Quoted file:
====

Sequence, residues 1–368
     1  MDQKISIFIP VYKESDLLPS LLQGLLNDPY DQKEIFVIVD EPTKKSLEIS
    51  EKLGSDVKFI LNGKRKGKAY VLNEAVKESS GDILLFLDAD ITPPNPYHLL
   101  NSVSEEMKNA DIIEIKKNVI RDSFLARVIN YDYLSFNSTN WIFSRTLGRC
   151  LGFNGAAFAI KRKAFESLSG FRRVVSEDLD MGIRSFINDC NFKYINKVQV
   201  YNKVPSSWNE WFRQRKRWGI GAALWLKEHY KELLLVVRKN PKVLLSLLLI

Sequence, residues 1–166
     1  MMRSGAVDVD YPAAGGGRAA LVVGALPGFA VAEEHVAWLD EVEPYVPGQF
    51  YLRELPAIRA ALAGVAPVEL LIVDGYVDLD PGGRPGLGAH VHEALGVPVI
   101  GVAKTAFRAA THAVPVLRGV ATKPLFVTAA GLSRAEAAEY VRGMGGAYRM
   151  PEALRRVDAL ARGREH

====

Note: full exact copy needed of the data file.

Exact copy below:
Sequence, residues 1–368
     1  MDQKISIFIP VYKESDLLPS LLQGLLNDPY DQKEIFVIVD EPTKKSLEIS
    51  EKLGSDVKFI LNGKRKGKAY VLNEAVKESS GDILLFLDAD ITPPNPYHLL
   101  NSVSEEMKNA DIIEIKKNVI RDSFLARVIN YDYLSFNSTN WIFSRTLGRC
   151  LGFNGAAFAI KRKAFESLSG FRRVVSEDLD MGIRSFINDC NFKYINKVQV
   201  YNKVPSSWNE WFRQRKRWGI GAALWLKEHY KELLLVVRKN PKVLLSLLLI

Sequence, residues 1–166
     1  MMRSGAVDVD YPAAGGGRAA LVVGALPGFA VAEEHVAWLD EVEPYVPGQF
    51  YLRELPAIRA ALAGVAPVEL LIVDGYVDLD PGGRPGLGAH VHEALGVPVI
   101  GVAKTAFRAA THAVPVLRGV ATKPLFVTAA GLSRAEAAEY VRGMGGAYRM
   151  PEALRRVDAL ARGREH